It’s official: Course selection for next semester has begun. The unusual number of Penn seniors planning to take classes like “Ideas in Mathematics,” “Oceanography,” “Survey of the Universe” and “Sex and Human Nature” might be puzzling to those unfamiliar with Penn’s arcane general education system, or, as it is known officially, the “Sectors of Knowledge.” But, as many students in the College of Arts & Sciences might have found, the sector requirements seem to focus more on Sector VIII: The Navigation of Bureaucracy, rather than on actually giving students a well-rounded liberal arts education.
Although we support Penn’s belief that students should take courses in a wide variety of fields, the strict requirements of the sector system lead to absurd and self-defeating consequences. For example, it is perfectly plausible for a chemistry major to reach senior year without having fulfilled Sector VI: Physical World or Sector VII: Natural Sciences & Mathematics, because typically only one course can double count for a major and a sector requirement. Similarly, many students have gone through the frustrating experience of taking upper or graduate-level courses only to be told they do not fulfill any requirements, like the math major who took an upper-level statistics course only to be told it did not fulfill the Quantitative Data Analysis Foundational Approach.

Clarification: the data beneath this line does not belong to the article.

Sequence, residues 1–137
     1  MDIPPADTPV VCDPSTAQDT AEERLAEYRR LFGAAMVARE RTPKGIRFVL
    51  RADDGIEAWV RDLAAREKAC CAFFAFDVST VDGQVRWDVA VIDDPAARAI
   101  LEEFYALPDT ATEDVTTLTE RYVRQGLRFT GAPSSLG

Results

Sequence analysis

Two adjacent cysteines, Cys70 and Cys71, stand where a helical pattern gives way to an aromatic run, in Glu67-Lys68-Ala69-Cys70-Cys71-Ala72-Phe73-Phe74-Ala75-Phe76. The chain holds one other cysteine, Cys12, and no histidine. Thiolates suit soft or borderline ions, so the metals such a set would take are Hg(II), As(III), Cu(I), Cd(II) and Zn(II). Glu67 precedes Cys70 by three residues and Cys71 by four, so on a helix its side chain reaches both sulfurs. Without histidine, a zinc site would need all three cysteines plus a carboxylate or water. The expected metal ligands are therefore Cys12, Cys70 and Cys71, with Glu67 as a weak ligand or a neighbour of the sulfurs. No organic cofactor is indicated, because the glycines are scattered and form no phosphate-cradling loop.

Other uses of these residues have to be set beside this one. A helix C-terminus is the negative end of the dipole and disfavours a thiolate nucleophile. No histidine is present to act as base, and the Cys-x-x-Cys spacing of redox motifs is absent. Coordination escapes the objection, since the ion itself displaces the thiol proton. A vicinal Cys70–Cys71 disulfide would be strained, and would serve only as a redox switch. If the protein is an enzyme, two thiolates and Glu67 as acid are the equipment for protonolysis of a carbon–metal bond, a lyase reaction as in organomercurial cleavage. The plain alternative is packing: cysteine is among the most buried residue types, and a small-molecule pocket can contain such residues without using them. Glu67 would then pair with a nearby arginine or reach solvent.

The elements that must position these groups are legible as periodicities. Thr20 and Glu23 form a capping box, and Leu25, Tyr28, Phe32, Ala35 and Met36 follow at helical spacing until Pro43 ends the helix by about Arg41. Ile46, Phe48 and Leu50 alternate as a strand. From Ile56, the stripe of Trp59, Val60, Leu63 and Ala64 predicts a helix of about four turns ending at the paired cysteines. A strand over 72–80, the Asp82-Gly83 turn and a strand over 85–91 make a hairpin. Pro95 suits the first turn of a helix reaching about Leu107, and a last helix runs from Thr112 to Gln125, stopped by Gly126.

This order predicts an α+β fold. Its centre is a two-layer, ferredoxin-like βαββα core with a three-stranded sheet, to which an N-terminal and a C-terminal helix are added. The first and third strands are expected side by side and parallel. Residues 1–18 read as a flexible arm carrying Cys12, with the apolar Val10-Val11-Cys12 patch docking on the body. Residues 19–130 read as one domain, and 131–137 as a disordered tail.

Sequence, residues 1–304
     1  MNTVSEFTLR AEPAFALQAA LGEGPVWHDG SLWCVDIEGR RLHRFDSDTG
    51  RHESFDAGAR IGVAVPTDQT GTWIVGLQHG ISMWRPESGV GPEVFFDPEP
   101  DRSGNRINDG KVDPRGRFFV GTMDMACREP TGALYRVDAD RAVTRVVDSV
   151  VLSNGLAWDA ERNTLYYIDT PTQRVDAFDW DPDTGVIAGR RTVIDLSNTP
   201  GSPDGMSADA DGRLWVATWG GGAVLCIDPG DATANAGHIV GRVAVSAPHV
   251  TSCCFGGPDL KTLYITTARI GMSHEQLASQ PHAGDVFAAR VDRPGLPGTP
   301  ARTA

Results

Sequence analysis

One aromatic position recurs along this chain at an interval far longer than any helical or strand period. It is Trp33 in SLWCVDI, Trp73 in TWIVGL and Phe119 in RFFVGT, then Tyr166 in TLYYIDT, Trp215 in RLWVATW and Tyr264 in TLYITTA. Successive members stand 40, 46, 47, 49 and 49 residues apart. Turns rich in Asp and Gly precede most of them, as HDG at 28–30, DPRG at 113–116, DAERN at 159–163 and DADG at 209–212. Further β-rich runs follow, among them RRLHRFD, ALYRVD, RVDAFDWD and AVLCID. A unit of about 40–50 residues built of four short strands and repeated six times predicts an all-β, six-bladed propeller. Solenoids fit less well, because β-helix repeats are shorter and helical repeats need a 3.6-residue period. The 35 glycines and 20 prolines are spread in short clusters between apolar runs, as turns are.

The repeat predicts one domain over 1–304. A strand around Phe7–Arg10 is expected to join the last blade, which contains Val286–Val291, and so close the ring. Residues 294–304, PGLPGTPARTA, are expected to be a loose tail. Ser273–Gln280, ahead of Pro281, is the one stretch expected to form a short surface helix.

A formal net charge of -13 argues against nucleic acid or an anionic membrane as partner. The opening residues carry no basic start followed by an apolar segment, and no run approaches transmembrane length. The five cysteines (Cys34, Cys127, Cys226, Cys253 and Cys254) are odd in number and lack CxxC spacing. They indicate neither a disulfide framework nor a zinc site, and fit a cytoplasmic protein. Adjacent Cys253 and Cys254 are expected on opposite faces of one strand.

If the purpose of the sector system is really to help students “develop general skills or approaches to knowledge and to engage students in the intellectual work of the disciplines in a variety of fields,” it seems that the current structure of the requirements is not actually conducive to truly broad learning. Though we have nothing personal against the field of oceanography, it does not stretch the imagination to think that the majority of liberal art majors napping through lectures on the layers of the ocean are not learning all that much about scientific inquiry and study. In the same vein, is a physics major taking “Monsters in Film and Literature” to fulfill the Arts and Letters sector requirement really learning something meaningful about literature if the course is the only non science one they take?
Penn needs to make the sector requirements for the College more flexible and more true to the spirit of a diverse education. Instead of the seemingly random selection of courses which fulfill the sector requirements, any course that clearly covers the material of a given sector should count towards that sector. Any physics class should count towards Physical World, just like any English class should count for Arts and Letters.
In fact, every course offered in the College — and numerous courses offered by the Wharton School, the School of Engineering and Applied Science and the School of Nursing — should be able to fulfill at least one requirement, or at least be petitionable. After all, a class that cannot be characterized as any of the seven sectors probably isn’t worth being taught, at least in the College. We strongly believe the College should change its rules regarding required coursework. Otherwise, sector requirements will remain what they have become: easy courses to sleep through and boxes to check on a student’s way out to graduation.
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